It's a real trick to treat children to Halloween goodies. Thanks to Dr. Ben Feingold, who blamed childhood hyperactivity on sugar and food additives, and the 1960s, which bequeathed to us a heightened concern for nutrition, a whole generation of parents now anticipates Halloween with visions of Milky Ways dancing in their heads and children bouncing off the walls.

Informal interviews with parents in this area show they have taken one of three approaches to Halloween: alternative, capitulation and compromise. None, however, has found the perfect treat: one that mollifies the parent without tempting the child to put eggs on your doorstep.

The recent rash of poisoned packages has made even the most candy-complacent parent a little nervous. Judy Petrich, of Waldorf, Md., says she has taken the alternative approach to Halloween. Instead of letting her 6-year-old daughter, Samantha, scour the neighborhood, she is giving a party "because of the Tylenol thing." Petrich plans to serve popcorn, apples, cider and raw vegetables with dip. But in years past, she compromised, allowing her daughter to keep her favorite candy and throwing out the rest.

Ellen Ball, of Fairfax County, comes from the compromise school. Her children are allowed to collect candy, but they can only keep it three days. Then it's pitched out. "After that, the excitement of Halloween dies down," Ball said. She likes to give peanuts as a treat, because "they're high in protein and fun to open." Like other parents, she worries about dangerous objects being found in popcorn and other homemade treats and checks the food her children bring home.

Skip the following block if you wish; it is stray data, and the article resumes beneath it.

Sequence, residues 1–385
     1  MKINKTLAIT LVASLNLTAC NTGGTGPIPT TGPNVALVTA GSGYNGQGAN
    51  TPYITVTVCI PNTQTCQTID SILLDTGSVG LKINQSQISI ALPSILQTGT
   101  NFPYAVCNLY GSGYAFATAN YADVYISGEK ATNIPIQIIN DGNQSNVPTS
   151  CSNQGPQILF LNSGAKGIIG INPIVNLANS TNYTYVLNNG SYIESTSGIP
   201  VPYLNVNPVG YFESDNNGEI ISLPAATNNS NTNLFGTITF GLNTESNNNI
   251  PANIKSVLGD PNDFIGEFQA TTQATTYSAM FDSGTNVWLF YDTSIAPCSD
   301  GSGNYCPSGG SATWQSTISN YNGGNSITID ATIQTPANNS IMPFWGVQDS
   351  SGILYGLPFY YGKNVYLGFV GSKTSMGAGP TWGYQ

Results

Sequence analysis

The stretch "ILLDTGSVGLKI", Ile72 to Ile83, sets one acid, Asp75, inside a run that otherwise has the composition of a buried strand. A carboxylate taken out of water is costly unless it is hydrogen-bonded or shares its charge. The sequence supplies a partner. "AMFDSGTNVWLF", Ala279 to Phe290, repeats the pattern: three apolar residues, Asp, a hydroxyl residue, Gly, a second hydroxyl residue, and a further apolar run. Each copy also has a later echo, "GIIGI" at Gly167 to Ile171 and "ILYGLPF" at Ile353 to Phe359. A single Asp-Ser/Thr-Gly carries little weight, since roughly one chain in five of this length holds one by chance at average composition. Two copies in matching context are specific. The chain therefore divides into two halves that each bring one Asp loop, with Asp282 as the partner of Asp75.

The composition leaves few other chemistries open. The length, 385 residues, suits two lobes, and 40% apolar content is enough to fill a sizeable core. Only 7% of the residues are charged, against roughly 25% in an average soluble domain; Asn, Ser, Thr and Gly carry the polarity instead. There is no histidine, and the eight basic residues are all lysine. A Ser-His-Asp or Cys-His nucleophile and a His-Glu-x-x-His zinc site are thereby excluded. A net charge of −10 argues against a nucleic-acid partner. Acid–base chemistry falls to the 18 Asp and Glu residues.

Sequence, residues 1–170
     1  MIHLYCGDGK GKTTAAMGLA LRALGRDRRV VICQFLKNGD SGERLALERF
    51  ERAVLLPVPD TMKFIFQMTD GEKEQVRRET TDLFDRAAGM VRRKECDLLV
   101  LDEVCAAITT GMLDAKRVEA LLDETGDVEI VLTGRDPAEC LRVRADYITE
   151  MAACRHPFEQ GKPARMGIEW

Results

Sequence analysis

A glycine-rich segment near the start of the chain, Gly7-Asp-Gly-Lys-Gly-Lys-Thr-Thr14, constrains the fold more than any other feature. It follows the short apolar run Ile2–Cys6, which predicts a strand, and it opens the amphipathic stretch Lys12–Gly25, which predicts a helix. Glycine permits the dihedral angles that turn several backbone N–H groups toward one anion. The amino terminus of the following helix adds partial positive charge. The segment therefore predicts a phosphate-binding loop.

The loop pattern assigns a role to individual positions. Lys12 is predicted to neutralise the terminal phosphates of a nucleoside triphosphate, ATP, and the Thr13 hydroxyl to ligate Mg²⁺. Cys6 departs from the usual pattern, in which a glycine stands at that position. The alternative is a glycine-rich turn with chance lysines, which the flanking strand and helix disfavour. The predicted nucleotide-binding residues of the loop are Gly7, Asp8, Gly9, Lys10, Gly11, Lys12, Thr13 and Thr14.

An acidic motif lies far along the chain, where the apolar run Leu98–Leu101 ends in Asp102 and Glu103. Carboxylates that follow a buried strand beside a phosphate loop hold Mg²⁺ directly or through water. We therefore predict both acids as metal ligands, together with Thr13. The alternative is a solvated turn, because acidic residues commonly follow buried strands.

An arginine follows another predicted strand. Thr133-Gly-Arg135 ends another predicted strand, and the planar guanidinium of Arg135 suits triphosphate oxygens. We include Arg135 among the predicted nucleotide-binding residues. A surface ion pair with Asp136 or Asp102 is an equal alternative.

Susan Palmer's children are too old to trick-or-treat, and she's delighted. "It's all color and sugar," Palmer, of Chevy Chase, Md., said of Halloween treats. She tried giving nuts, apples and granola, but she says the children want candy: "I caved in, feeling very bad."

Craig Palmer, of Reston, Va., is the father of three trick-or-treaters and has found capitulation without guilt to be the only way to handle Halloween. Palmer's position is particularly precarious because he works for the American Dental Association. "You just assume that Halloween goes against that," said Palmer, who adds he is "not going to be a sour puss" when all the neighborhood children are getting chocolate. "My kids aren't candy freaks," he said. If they eat candy two weeks out of the year, he doesn't get bent out of shape.

Linda Ashworth, of Oakton, Va., uses a little of each approach. When she was growing up in Berryville, Va.,Ashworth says the high point of Halloween was ending up at the home of an older couple who invited the children in for cookies and punch. Because she likes to see the different costumes and talk to the children, Ashton opens her home to trick-or-treaters in much the same way, offering them punch, apples -- and candy "because some kids don't feel like it's Halloween unless they have something packaged." She's offered lollipops with white napkins tied around them and two eyes drawn on the napkins to resemble ghosts, and knows one family who offered individually wrapped, homemade cookies that included the family's name and address. Still, "this Tylenol thing is going to be a great blow," for Halloweens to come.

Ashworth has always allowed her two daughters to keep all their Halloween candy and eat what they want. "About Easter I'll throw it out . . . the kids like the idea of sweets more than they like sweets; they pour it out and count it up and then it sort of dies out," she said.

Perhaps Halloween will be the last nutrition frontier. Small advances have come in the form of whole-grain-raisin snack bars, individually wrapped; lunch bags and boxes of crackers and pretzels; individual snack bags of fruit and grain mixes and sugarless gum.

But most parents shrug and say, "It's Halloween."